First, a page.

I love to learn.
I was blessed with some amazing teachers along the way. One day in biology class I put my hand up to ask a question and said: “This might be a stupid question but…” Mrs. Barlow immediately interrupted by saying, “Cindy, there are no stupid questions, only stupid answers.”
From that day forward, I never hesitated to ask questions. Today, I love to get weather questions from people.
Earlier this month, Gerry Greene emailed this one: Can you explain why there is a “calm before a storm?”
We’ve all experienced it, whether it was at the beach, at a ball game or while barbecuing on the back deck: that familiar afternoon breeze fades, the air becomes still, and the birds stop singing. After a few minutes, you feel a change in the air and, suddenly, threatening clouds appear on the horizon. You quickly dash in the house and narrowly miss those fat, gloopy raindrops that fall just before the sky opens up.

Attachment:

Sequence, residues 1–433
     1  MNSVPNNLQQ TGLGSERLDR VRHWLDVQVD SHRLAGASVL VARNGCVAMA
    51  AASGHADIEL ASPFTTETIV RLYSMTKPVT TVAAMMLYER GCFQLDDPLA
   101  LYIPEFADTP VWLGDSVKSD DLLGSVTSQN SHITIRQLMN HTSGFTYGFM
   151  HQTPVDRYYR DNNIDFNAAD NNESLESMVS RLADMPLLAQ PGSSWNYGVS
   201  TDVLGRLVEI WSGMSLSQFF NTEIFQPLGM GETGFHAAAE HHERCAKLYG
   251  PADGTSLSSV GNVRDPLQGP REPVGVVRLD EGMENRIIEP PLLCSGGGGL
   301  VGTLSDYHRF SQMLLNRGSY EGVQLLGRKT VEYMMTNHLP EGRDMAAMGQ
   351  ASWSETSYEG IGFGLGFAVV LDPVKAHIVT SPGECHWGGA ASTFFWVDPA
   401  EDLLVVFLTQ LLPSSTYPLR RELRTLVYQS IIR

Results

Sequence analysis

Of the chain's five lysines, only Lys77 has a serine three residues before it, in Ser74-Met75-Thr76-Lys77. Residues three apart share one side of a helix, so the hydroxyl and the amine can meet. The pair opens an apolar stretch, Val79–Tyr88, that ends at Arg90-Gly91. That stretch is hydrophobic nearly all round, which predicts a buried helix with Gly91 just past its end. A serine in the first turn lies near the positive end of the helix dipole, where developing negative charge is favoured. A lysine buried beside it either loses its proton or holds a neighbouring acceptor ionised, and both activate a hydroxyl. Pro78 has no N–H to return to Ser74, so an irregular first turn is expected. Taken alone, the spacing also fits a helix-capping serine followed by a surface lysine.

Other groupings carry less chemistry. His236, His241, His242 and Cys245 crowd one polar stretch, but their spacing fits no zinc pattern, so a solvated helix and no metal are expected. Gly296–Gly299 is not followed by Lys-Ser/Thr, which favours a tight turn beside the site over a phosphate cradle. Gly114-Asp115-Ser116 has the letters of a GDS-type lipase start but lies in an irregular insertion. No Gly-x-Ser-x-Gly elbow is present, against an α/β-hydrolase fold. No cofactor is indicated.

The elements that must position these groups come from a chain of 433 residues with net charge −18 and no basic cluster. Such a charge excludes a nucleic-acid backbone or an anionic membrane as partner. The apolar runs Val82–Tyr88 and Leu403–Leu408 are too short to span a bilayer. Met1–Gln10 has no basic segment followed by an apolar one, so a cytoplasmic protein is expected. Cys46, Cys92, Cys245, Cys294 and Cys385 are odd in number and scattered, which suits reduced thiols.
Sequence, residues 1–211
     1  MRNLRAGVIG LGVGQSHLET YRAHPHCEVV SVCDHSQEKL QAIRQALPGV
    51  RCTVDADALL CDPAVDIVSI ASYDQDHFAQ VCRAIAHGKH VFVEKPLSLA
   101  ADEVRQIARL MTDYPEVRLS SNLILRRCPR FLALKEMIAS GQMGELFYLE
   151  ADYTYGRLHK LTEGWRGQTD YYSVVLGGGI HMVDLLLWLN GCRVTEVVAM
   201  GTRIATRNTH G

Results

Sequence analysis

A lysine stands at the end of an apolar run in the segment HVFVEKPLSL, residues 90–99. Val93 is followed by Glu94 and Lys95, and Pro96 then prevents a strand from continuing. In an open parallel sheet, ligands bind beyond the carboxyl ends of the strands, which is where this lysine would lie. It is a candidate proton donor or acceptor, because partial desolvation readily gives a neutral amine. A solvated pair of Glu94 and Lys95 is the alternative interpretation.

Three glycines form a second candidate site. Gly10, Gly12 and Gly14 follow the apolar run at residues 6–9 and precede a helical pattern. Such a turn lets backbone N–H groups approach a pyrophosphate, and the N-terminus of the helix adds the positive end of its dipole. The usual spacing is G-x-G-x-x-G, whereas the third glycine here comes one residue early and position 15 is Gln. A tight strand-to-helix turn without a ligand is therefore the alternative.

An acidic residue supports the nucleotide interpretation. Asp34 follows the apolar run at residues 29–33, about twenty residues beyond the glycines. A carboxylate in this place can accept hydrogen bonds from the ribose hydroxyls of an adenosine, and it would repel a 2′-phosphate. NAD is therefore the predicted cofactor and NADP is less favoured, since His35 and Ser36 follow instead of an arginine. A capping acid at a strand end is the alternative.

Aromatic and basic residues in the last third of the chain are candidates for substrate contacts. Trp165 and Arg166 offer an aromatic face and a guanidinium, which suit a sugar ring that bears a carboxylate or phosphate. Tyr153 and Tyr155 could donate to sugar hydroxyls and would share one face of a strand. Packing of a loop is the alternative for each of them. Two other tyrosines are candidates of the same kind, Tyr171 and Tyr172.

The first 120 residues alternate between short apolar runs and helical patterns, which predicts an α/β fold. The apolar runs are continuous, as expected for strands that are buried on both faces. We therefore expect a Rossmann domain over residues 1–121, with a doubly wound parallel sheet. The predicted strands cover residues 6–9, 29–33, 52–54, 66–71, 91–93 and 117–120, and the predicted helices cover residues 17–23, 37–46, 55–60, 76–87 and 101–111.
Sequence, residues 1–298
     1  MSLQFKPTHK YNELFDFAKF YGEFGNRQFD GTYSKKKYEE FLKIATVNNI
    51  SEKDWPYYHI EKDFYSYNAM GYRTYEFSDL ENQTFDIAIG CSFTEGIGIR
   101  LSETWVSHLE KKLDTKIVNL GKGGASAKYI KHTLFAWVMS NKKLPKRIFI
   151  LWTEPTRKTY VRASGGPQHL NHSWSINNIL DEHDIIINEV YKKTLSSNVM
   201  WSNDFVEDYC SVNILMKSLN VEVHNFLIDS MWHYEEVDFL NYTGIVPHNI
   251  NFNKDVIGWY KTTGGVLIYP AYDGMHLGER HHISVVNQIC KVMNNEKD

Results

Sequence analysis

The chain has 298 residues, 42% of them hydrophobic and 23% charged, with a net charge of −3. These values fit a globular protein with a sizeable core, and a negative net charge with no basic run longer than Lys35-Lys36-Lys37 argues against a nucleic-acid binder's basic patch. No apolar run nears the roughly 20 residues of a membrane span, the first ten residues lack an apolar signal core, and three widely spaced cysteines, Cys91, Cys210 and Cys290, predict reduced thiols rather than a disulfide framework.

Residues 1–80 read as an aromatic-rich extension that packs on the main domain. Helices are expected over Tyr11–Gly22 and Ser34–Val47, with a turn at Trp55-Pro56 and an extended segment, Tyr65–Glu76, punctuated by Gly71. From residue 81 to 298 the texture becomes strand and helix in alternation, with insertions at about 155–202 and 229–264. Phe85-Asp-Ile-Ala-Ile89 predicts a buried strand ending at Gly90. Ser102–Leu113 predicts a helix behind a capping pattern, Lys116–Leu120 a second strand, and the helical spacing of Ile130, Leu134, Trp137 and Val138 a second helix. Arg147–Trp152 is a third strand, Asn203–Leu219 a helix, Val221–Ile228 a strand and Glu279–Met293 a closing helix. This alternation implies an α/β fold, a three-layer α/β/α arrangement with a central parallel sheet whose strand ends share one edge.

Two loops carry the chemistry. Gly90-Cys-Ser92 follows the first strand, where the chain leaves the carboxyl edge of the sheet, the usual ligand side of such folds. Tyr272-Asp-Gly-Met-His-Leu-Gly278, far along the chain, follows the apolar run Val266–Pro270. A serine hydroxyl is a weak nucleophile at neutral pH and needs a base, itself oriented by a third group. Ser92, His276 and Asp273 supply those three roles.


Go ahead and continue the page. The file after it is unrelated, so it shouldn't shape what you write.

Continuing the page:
What’s behind this calm before the storm?
Let’s start with a look at how storms form.
Storms need warm, moist air as fuel. As storms develop, they can draw in that air from all directions, even from the air ahead of the storm. As the warm, moist air is pulled into a storm, it leaves an area of low pressure or vacuum close to the ground. With the help of strong updrafts, the air travels into the heart of the storm to fuel it! By the time the warm air reaches the top of the cloud mass, it has cooled off and is now heavier than the air around it. That heavier air then descends and is drawn back down toward the ground by that vacuum it created in the first place.
Now, this little bit of information is key: descending air becomes warmer and drier. Warm, dry air is relatively stable and, once it blankets a region, it stabilizes the air and creates a “calm before a storm”. Not all storms follow a period of calm weather, but I hope this explanation helps you understand those that do.
This day in weather history
There was still 4 cm of snow on the ground in New Glasgow, N.S., and a staggering 33 cm of snow on the ground in Truro April 26, 2015!
The most rain ever in Charlottetown, P.E.I. on April 26 is 21.1 mm - that record has been holding since 1951!
Temperatures are expected to be about eight degrees above normal across Newfoundland and Labrador today. While that’s lovely, it has been much warmer: April 26, 1986, the temperature soared to a record 24.1 C in St. John’s!
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Cindy Day is the chief meteorologist for SaltWire Network.